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This plateau, purchased by President Monroe, is likely the same one referred to in the Nelsons’ anecdote about Mrs. Polk and her servants.

White House Historical Association

James K. Polk and Sarah Childress Polk lived in the White House from 1845 to 1849. Anson and Fanny Nelson, admirers of Mrs. Polk, published this story many years later:

"An elderly lady, who had been present at [a White House] dinner-party, called on Mrs. Polk and said, 'May I take the liberty [to] make a suggestion to you, Madame?' The dining-table at the White House was adorned with a long mirror, . . . called the plateau, reflecting the light of the candelabra. . . . The table extended about a foot beyond the plateau, and this space was covered with a long napkin, which upon the removal of the dishes for dessert was rolled up by the servants, and formed a bulky bundle of linen. The lady’s suggestion was that the long napkin should be cut into short pieces, for the convenience of the servants. 'I seldom noticed these things,' said Mrs. Polk, 'and did not know when the napkin was rolled up and taken off, being engaged in conversation; . . .' [Mrs. Polk] said that the servants knew their duties, and she did not undertake the needless task of directing them."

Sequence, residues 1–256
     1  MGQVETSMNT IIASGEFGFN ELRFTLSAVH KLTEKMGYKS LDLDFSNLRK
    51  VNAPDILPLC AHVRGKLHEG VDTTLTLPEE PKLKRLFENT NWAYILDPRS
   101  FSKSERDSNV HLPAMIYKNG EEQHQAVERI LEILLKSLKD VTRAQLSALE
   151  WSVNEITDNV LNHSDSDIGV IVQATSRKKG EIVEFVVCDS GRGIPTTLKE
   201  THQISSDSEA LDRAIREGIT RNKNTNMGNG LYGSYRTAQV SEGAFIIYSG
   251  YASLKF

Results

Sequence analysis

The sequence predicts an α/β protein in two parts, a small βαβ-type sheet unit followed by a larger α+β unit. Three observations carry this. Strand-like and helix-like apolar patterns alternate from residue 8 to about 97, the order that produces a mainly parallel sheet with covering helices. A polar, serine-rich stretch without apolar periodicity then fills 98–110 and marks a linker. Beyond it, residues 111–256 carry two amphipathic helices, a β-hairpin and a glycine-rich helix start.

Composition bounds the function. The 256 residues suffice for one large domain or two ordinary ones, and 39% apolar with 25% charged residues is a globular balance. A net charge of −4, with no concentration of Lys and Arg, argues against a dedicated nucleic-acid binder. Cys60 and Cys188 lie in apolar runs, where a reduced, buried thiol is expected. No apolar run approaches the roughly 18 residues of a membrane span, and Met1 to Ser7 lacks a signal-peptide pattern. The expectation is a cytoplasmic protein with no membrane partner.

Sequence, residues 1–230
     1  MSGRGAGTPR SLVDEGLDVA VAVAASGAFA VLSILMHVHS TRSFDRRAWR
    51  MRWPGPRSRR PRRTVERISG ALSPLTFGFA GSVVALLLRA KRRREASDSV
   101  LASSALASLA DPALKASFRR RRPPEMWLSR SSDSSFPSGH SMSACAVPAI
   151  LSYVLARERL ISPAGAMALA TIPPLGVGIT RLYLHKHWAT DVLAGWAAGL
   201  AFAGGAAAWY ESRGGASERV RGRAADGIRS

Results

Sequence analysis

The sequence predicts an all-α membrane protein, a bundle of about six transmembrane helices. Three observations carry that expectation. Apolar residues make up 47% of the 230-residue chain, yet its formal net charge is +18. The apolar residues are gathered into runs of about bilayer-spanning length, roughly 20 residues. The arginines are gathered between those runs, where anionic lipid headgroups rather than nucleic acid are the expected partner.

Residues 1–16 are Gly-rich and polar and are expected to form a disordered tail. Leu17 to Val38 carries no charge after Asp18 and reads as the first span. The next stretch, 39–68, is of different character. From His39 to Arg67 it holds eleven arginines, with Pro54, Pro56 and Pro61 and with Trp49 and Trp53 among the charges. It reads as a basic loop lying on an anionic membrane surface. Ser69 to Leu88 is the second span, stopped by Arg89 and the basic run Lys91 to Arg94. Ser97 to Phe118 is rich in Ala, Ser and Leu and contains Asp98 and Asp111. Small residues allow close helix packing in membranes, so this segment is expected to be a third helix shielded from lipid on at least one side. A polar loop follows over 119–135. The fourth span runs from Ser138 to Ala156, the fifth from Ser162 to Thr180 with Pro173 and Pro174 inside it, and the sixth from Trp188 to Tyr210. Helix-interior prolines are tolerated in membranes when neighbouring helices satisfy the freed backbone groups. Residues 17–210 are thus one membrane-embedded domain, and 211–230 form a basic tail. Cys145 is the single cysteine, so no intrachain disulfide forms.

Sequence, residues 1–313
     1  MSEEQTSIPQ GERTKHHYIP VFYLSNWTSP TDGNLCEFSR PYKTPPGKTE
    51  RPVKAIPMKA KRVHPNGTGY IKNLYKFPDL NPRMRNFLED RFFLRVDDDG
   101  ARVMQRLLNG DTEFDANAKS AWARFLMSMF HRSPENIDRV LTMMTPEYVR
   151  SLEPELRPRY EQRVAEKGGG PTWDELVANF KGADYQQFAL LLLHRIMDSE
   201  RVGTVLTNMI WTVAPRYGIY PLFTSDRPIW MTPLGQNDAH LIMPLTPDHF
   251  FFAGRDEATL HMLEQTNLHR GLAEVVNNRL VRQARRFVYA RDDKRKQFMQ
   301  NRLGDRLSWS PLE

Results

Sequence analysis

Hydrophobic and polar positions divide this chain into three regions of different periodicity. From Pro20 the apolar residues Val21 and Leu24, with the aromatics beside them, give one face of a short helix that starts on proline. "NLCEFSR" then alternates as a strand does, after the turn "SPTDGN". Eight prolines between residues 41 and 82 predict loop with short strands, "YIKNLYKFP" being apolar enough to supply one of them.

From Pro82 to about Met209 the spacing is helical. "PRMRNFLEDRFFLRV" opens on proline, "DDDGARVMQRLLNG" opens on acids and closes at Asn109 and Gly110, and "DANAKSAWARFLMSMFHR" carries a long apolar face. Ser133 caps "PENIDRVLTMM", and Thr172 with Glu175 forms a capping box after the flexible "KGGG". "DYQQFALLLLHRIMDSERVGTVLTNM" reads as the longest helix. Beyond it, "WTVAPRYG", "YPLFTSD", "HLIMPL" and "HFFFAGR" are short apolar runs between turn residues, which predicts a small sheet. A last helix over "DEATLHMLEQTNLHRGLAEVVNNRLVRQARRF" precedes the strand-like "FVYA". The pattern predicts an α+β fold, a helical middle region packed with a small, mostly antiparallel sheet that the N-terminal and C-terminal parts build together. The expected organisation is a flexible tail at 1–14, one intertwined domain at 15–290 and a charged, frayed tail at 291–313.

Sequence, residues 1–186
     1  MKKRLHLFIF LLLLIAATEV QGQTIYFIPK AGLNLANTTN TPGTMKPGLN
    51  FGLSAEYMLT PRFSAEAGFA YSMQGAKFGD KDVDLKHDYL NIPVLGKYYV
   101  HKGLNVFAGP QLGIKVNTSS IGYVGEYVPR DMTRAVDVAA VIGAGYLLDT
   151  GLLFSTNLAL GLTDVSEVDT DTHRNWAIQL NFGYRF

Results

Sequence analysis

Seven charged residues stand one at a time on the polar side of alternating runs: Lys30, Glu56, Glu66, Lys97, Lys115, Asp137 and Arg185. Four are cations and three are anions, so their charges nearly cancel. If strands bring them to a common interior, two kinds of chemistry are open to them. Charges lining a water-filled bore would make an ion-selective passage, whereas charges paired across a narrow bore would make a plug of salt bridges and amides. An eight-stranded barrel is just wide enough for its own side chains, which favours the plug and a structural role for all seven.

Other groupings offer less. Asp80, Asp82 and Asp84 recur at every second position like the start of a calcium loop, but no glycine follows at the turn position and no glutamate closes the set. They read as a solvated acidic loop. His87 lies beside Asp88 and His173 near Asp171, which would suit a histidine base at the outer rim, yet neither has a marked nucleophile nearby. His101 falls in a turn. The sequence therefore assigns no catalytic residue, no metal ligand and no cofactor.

—Anson and Fanny Nelson, Memorials of Sarah Childress Polk, Wife of the Eleventh President of the United States (New York: Anson D. F. Randolph Co., 1892), 110–111.

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